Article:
Brie and Beaujolais? More than meets the eye at this vino Mecca – Loose Canon Cheese and Wine Review
At first, you might think Paris, with the lazy feel of customers leaning against walls and using anything available for a seat outside on the street, conversing on a beautiful midweek August evening. But this is very Dublin. Loose Canon is an individual like no other in the city and the people have embraced it like it’s rather different but busy near neighbouring waterholes. The mood outside is one of Irish charm and craic as punters joke and sip on these natural delights as the sun sets upon Drury Street.
The pairing of wine and cheese has been around for centuries and modern day scientists have explored the reason behind why they go so well together. High fat and high protein foods balance the taste of tannin, making cheese the perfect partner for wine. For example, hard cheeses soften tannins giving a fuller and fruitier taste.
Owners Brian O’Keefe and Kevin Powell opened Loose Canon just over a year ago as their second location to go along with the popular cafe Meet Me In The Morning and adjoining Reference coffee. The city centre has a host of great wine bars but at Loose Canon, things are slightly different as they stocks over 100 varieties of natural wines.
What is natural wine? Without going into the finer details, the grapes are grown with as little interference as possible then hand picked and again largely left to themselves during the fermentation process. Natural wines are made without using the usual chemicals added to remove oxygen and mass produce consistently but instead wild yeasts are encouraged with each vintage being truly unique showcasing the vineyards and wine regions. Natural wines are often unfiltered which keeps them vegan as no fish products are used as is the case in a lot of conventional wines.
The chalkboard above the counter shows us today’s six wines to purchase by the glass along with a sake, a sparkling option and some juices.
We started with Masieri Bianco, Veneto, Italy €9 a delectable cloudy (from being unfiltered) white so easy to drink we left with a bottle to take home (€23).
A Masieri Rosso was also available €10 but the next stand out for us was the Puszta Libre, Burgenland, Austria €9. Served chilled, this red bursts with fruit flavours and could be described as alcoholic Ribena. Next was one of my favourite grapes beautiful Teroldego with strong notes of strawberry – Lezer, Vianeti delle Dolomiti, €8.5.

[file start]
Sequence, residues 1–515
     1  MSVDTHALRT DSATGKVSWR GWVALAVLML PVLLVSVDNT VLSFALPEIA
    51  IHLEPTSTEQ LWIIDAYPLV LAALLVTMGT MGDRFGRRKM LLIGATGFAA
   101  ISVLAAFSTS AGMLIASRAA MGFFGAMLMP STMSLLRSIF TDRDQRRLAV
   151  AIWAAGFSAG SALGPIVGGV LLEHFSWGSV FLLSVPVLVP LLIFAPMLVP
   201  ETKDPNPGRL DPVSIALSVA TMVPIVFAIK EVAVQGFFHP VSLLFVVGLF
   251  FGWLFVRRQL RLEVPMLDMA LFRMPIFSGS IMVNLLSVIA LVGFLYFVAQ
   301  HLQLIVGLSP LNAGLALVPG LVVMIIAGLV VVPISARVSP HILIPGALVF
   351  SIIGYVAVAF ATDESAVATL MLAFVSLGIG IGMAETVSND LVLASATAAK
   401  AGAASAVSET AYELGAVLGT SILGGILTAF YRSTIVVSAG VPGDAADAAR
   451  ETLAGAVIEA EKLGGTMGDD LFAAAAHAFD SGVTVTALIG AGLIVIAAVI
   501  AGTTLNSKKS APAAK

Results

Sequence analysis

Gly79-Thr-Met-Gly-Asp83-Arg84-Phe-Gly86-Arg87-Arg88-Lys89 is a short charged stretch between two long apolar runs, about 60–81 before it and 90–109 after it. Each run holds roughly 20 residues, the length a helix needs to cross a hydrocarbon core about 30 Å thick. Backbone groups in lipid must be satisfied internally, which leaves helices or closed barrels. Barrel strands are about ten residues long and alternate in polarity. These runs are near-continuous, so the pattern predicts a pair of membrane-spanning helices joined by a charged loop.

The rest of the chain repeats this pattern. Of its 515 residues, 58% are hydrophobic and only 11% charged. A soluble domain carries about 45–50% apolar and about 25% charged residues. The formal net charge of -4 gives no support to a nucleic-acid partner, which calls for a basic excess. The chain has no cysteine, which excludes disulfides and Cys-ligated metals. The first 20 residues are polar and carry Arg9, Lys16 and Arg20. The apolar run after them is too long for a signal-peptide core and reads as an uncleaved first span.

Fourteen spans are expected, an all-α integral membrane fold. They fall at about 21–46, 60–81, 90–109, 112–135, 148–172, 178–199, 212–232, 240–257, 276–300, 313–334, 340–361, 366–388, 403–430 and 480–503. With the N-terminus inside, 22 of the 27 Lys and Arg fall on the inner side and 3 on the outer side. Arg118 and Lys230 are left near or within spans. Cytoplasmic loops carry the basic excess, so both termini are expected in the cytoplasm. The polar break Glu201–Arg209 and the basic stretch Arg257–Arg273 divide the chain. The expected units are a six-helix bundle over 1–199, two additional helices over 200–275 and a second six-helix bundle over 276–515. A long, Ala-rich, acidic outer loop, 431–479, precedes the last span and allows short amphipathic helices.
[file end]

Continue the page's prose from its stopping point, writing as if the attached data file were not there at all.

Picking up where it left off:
Located in the last outlet of Georges arcade facing out onto Drury street Loose Canon is a small premises with a few stools, wooden counters and standing space although a lot of the customers pour out onto the street outside. The main wall is lined with bottles to purchase some of which with the most fantastic and interesting labels from the natural wine world. The counter has a selection of a dozen or so cheeses all from Irish suppliers including names like Fingal Ferguson and Corleggy. The fridge holds large lumps of cured meats and the ever helpful staff slice to taste before you choose what to bring home with you.
The daily changing menu read deliciously so we began with Broughgammon Rose Veal €6 & “Knockalara Fresh” €5 (pasteurised sheep). The soft cheese crumbled delightfully as I spread it on the thin toasted slices of Le Lavain sourdough (I am told LC will be baking their own sourdoughs very soon) and bundled up with the Veal and a homemade apple chutney that is the first item polished from the plate on each occasion. Our second helping consist of “Silka Crop” €6 (raw goat, unpasteurised) from the jewel of Cavan that is Corleggy Cheeses and some bitesize Gubbeen Pepperoni Sticks €4. We then struck gold after manager and wine enthusiast Fabian suggested we try the “Fried Chicken”. Initially apprehensive to the thought of fried chicken in a wine and cheese shop we decided to play along and how happy we were that we did. Homemade toasted cornbread forms the base of this creation, then topped with kohlrabi remoulade providing a tasty crunch before the free range fried chicken is placed above only to be finished with a pickled charred shishito pepper so mouth watering I would have had no problem eating a full plate of them. All of this for just €9 too.
If you arrive before half 5 you can also chow down on one of the ever changing gourmet ham & cheese toasties usually priced around €8.
There is very little to fault with Loose Canon bar maybe we wish it was a little bigger. If you fancy something a little bold to bring home on a Friday evening stop by to grab a bottle, a block and some slices of heavenly meat because we guarantee you this treat will leave you more satisfied than any supermarket confectionery ever will.
WRITTEN BY CHRISTOPHER MELLON / DUBLINSOCIAL